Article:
Lent is approaching and during Holy Week, it is my understanding that every year at the Colosseum, the Pope leads the faithful in a devotion called the of the Way of the Cross [cf. this photo gallery].

According to Catholic Church tradition, where, when, how and by whom did the devotion of the Stations of the Cross begin?

Seeking answers from Catholic documents/sources. Please note the question is asking when, according to Church Tradition did the devotion start. Who , according to the Church Tradition did it first, when, and where?

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    Could you please clarify? Are you asking where, when, how and by whom did the church come to have this devotion and observe these stations outside of Jerusalem? That is to say: Is this a question about observing the stations as symbolic of visiting the actual places? Thanks.
    – Stephen
    Commented Feb 8, 2015 at 17:27

2 Answers 2


If you are asking specifically about The Stations of The Cross as we know them today in the West, that is to say: the practice of placing symbolic artwork around a worship space depicting the events of Jesus' final hours and the practice of moving about from station to station in prayer, you can probably pin it on The Franciscans (and by extension St. Francis of Assissi) sometime near the end of the 17th century in central Europe.

Taken in this regard The Stations are a symbolic representation of a physical, bodily pilgrimage to the purported locales of said events, which may have begun within a generation or two of Christ's crucifixion.

Tradition asserts that the Blessed Virgin used to visit daily the scenes of Christ's Passion and St. Jerome (c.  347 – 420) speaks of the crowds of pilgrims from all countries who used to visit the holy places in his day. (The Catholic Encyclopedia - 1907)

Fast forward to The Middle Ages and The Crusades. (The military campaigns enjoined by The Catholic Church to re-establish Christian access to said holy places.)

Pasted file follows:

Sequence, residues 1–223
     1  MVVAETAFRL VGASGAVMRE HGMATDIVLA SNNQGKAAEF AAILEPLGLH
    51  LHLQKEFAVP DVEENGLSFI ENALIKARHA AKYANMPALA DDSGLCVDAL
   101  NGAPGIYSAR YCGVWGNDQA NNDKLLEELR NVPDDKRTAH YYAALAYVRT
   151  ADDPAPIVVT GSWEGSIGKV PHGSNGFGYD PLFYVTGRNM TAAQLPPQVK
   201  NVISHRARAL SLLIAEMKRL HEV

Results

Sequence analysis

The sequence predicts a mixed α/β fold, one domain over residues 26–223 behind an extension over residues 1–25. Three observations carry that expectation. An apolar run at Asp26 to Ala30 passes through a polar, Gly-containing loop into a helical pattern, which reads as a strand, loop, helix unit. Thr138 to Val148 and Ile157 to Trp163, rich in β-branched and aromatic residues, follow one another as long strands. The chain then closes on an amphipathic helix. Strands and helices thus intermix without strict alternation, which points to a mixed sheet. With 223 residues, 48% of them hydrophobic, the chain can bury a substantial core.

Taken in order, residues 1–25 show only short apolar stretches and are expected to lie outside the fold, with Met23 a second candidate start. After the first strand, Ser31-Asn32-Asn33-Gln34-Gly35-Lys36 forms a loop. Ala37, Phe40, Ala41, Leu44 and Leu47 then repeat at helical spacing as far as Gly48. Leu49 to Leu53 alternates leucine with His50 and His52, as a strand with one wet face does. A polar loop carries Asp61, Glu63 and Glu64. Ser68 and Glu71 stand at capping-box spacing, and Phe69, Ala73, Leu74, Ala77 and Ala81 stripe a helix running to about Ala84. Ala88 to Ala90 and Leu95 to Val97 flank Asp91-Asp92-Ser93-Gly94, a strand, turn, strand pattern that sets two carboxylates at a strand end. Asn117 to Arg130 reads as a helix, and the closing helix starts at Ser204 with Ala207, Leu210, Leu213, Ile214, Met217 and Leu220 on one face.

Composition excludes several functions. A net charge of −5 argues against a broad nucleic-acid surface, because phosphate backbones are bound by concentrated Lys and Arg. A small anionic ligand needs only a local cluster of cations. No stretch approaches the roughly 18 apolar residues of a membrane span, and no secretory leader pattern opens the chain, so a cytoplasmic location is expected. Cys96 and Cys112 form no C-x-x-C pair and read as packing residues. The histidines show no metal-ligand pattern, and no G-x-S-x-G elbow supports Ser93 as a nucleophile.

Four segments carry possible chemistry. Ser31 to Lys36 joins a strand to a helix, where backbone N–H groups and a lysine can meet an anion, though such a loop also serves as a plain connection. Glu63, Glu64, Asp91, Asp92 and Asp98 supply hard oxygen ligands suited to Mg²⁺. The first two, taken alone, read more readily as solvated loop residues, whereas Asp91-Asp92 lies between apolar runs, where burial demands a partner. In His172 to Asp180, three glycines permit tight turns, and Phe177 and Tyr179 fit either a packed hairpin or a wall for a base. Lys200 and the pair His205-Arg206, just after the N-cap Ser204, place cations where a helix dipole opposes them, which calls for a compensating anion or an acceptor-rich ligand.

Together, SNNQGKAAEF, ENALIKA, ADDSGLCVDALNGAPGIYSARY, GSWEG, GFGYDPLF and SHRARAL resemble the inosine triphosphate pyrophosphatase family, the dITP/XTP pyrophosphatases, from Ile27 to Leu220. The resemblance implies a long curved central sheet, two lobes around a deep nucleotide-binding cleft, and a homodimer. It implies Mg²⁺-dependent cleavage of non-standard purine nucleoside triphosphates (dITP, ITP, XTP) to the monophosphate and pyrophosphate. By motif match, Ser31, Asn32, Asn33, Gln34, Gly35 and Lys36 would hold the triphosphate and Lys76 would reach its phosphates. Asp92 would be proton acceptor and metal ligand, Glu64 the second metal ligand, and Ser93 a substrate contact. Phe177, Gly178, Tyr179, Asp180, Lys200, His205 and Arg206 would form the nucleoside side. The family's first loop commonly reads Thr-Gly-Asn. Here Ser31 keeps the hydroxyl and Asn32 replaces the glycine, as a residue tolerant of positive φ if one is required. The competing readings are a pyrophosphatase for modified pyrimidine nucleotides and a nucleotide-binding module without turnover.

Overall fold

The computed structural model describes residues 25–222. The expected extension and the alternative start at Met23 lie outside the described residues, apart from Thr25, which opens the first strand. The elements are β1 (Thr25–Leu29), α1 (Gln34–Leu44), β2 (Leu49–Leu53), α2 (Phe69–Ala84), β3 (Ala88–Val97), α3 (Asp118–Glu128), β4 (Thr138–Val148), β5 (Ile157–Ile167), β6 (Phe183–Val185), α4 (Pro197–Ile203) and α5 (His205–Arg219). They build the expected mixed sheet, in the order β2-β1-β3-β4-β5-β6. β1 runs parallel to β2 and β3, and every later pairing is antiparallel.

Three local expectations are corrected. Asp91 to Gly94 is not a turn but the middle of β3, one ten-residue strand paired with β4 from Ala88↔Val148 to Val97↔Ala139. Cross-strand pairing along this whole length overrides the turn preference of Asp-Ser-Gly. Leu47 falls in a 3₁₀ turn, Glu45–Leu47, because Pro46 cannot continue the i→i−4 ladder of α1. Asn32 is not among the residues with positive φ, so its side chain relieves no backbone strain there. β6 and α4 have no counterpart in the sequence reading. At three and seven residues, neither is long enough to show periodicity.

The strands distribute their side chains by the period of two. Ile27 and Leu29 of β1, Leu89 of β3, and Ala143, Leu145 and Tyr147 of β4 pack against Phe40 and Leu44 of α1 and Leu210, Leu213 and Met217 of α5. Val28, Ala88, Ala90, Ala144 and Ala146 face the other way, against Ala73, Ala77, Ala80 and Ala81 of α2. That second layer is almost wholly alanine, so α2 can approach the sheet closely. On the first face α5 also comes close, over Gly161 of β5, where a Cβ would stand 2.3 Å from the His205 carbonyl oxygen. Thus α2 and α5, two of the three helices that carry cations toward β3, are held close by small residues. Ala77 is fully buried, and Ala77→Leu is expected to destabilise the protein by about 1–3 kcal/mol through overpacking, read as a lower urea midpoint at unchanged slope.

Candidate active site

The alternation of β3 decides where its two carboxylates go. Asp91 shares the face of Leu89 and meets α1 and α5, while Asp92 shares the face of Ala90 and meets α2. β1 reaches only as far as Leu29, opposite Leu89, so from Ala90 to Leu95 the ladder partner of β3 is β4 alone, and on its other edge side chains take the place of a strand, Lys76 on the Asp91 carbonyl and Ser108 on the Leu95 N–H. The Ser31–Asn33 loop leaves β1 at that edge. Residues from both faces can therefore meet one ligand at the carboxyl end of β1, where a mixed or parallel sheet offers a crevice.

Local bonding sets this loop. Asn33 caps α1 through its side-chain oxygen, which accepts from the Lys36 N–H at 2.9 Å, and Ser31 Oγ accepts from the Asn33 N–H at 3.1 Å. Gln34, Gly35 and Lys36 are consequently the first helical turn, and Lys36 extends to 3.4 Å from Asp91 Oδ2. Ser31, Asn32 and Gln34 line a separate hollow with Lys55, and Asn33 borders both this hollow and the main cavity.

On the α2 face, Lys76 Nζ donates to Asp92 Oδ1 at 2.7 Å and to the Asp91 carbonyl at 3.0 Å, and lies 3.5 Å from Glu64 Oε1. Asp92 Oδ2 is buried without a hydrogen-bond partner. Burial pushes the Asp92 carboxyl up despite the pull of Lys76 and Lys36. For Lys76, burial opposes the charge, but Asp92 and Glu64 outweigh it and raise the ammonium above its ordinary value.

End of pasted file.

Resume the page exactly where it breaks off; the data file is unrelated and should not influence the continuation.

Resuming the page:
In 1342, Pope Clement VI, by the Papal bulls Gratiam agimus and Nuper charissimae declared the Franciscans as the official custodians of the Holy Places in the name of the Catholic Church. (The Bull of Clement VI - 1342)

Then, in central Europe during the 15th and 16th centuries, Franciscans started to create outdoor sculptures and shrines that would replicate these holy places of Jerusalem. These were usually placed, often in small buildings, along the approach to a church, as in a set of 1490 by Adam Kraft, leading to the Johanneskirche in Nuremberg. (1)

But to get to what - I think - is the crux of your question:

Realizing that few persons, comparatively, were able to gain these by means of a personal pilgrimage to the Holy Land, Innocent XI, in 1686, granted to the Franciscans, in answer to their petition, the right to erect the Stations in all their churches, and declared that all the indulgences that had ever been given for devoutly visiting the actual scenes of Christ's Passion, could thenceforth be gained by Franciscans and all others affiliated to their order if they made the Way of the Cross in their own churches in the accustomed manner.

Innocent XII confirmed the privilege in 1694 and Benedict XIII in 1726 extended it to all the faithful. In 1731 Clement XII still further extended it by permitting the indulgenced Stations to all churches, provided that they were erected by a Franciscan father with the sanction of the ordinary.

At the same time he definitely fixed the number of Stations at fourteen.

(The Catholic Encyclopedia - 1907)

(1) Schiller, Gertrud, Iconography of Christian Art, Vol. II, p. 82, 1972 (English trans from German), Lund Humphries, London, ISBN 0-85331-324-5

  • Thank you! This is very well answered. Tradition asserts that the Blessed Virgin used to visit daily the scenes of Christ's Passion. - This is something new I have learned and it made an impression on me.
    – user13992
    Commented Feb 9, 2015 at 22:19
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    You are most welcome. Happy to serve.
    – Stephen
    Commented Feb 9, 2015 at 22:34

At least since the times of Constantine, the Via Dolorosa was practiced at Jerusalem. See this.

  • Whoever down-voted, please tell me why you did so. Is my answer too short?
    – Geremia
    Commented Feb 9, 2015 at 18:10
  • I haven't downvoted but to me I would say it is of low quality.
    – user13992
    Commented Feb 10, 2015 at 0:28
  • @FMS: It does answer at least the "when" and "where" "did the devotion of the Stations of the Cross begin," though.
    – Geremia
    Commented Feb 10, 2015 at 16:40

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